Government and international emergency teams headed to Sumatra to survey the earthquake damage and help those in need.
Officials say dozens have been injured, several people killed, and many buildings have been destroyed.
Sutrisno, the head of Indonesia's National Disaster Coordinating Agency, says representatives of various government ministries are already on the scene.
"They will have a meeting with the vice governor there and they are going to make also a rapid, very rapid assessment regarding a needs assessment and damage assessment ... But meanwhile, we are also in here still collecting the food for the relief assistance, like food and medicine, and we will send there by special aircraft, by Hercules."
Sumatra has been jolted by four powerful earthquakes since late Wednesday.
The U.S. Geological Survey says the first was centered about 105-kilometers southwest of Bengkulu, a major city on Sumatra's southwestern coast. At a magnitude of eight-point-four, it was the most powerful earthquake to strike anywhere in the world this year.
Two more quakes followed early Thursday - the first of seven-point-nine magnitude, and a second several hours later measured seven-point-one. There have also been more than 20 sizable aftershocks, all situated along the coastline between Bengkulu and the city of Padang. A fourth serious quake struck late Thursday north of Indonesia's Sulawesi Island, far to the east of Sumatra.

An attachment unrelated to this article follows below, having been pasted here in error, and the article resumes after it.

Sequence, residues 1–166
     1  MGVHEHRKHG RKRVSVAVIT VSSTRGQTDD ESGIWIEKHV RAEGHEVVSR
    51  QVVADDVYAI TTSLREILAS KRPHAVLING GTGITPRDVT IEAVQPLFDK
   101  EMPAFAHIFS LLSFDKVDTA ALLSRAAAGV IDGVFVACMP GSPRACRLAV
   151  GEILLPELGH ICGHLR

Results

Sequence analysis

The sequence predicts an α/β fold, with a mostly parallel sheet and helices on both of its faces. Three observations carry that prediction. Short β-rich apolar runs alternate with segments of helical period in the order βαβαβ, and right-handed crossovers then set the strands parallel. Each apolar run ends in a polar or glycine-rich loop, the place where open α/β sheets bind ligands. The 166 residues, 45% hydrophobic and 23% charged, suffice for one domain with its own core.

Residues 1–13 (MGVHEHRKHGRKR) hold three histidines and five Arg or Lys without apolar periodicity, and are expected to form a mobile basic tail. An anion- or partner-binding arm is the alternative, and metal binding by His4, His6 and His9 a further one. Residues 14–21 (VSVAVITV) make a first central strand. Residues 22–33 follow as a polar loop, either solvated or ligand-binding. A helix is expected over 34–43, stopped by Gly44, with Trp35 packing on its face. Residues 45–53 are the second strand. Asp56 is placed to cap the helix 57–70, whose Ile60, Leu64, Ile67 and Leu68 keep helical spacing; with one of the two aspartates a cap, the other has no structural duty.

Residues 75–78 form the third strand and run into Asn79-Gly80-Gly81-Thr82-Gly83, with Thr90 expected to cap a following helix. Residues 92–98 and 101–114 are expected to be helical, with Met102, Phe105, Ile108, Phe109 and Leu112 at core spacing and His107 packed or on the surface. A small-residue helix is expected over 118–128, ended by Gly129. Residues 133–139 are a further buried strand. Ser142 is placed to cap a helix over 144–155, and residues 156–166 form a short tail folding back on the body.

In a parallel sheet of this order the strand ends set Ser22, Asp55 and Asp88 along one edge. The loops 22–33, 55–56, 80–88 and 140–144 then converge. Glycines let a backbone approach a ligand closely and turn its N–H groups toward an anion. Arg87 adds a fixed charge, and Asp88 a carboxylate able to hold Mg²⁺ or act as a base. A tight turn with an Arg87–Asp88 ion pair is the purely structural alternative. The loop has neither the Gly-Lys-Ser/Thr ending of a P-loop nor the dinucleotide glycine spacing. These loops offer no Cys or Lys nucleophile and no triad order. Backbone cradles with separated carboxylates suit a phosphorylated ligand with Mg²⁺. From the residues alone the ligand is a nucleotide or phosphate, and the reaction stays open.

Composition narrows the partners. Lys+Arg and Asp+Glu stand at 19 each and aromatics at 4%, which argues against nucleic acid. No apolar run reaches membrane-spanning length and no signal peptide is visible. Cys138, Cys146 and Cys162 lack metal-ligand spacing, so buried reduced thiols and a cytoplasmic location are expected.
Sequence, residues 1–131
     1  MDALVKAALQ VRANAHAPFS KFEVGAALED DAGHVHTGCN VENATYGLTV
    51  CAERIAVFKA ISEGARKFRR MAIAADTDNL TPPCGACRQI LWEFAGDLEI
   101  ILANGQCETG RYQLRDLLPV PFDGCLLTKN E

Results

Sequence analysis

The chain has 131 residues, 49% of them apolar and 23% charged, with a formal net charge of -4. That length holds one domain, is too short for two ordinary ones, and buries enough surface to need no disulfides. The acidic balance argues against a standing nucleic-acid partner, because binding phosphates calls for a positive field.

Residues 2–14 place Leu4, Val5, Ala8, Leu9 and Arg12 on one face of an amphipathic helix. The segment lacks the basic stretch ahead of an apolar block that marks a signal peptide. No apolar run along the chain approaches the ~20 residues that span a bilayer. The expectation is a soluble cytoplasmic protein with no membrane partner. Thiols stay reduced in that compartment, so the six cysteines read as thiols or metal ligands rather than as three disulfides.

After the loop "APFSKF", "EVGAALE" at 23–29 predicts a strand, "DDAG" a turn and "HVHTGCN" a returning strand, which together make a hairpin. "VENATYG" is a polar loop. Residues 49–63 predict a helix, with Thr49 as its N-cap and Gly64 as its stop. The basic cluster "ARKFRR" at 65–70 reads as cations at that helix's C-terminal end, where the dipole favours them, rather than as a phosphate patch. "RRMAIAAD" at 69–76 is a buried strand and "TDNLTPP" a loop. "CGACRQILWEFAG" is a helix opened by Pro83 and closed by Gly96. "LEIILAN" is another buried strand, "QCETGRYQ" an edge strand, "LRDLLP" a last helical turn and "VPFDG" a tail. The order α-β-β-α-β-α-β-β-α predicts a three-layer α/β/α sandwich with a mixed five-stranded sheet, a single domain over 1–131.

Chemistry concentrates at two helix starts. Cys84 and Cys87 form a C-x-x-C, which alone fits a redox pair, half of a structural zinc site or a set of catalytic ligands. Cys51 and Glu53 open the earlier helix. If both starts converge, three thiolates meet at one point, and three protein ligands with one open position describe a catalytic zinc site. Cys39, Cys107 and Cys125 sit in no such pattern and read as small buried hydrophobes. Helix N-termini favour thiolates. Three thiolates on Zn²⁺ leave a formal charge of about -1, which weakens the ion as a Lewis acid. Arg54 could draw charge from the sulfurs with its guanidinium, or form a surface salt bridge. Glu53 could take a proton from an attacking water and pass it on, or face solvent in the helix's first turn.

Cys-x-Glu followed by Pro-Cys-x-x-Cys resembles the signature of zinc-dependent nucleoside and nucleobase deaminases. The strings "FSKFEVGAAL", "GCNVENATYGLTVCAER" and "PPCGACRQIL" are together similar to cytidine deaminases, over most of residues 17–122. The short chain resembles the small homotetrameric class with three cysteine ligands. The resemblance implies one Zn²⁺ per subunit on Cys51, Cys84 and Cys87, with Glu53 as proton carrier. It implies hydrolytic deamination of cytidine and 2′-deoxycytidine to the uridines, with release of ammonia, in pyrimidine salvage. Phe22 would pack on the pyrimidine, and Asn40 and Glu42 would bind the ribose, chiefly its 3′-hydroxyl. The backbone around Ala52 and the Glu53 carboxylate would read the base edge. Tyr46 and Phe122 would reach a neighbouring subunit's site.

Indonesia issued five separate tsunami warnings during the period, and two small tsunamis were reported, but neither caused any serious damage or injury. An Indonesian official said that despite the number and severity of the tremors, injuries have been far fewer than feared.
Country Director Craig Redmond, of Mercy Corps, an international relief organization, says aid teams have reported considerable physical destruction.
"Lots of houses destroyed, (there are) needs for shelter, things like that. Right now they are up there seeing where we can add value and how we can coordinate with local officials."
The nine-point-one magnitude quake that devastated Indonesia's Aceh province in December 2004 and triggered the Indian Ocean tsunami occurred not far north of the latest tremors off Sumatra's west coast.
The U.S. Geological Service reports that more than 283-thousand people in a dozen countries were killed in that disaster. More than half of the victims died in Aceh.
Indonesia's presidential spokesman, Andi Mallerangeng, says these disasters have made the nation stronger.
"We know that we are living in the ring of fire with all different kinds of natural phenomenon ... But I think we are a strong nation, every time we are getting stronger. We deal with the situation."
Indonesia lies on the "Pacific Ring of Fire", a geologically active area that is prone to earthquakes and volcanic eruptions.